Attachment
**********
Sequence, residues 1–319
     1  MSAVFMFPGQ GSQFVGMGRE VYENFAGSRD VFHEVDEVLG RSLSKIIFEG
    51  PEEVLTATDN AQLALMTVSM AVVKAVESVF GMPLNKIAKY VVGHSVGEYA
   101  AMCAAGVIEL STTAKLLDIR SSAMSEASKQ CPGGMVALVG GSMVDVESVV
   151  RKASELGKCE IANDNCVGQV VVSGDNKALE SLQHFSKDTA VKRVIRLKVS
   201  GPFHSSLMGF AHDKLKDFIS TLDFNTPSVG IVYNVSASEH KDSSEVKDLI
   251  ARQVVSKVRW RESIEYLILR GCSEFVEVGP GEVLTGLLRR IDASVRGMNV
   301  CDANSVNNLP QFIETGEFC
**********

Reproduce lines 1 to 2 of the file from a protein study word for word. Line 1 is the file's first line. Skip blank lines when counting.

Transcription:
Sequence, residues 1–319
     1  MSAVFMFPGQ GSQFVGMGRE VYENFAGSRD VFHEVDEVLG RSLSKIIFEG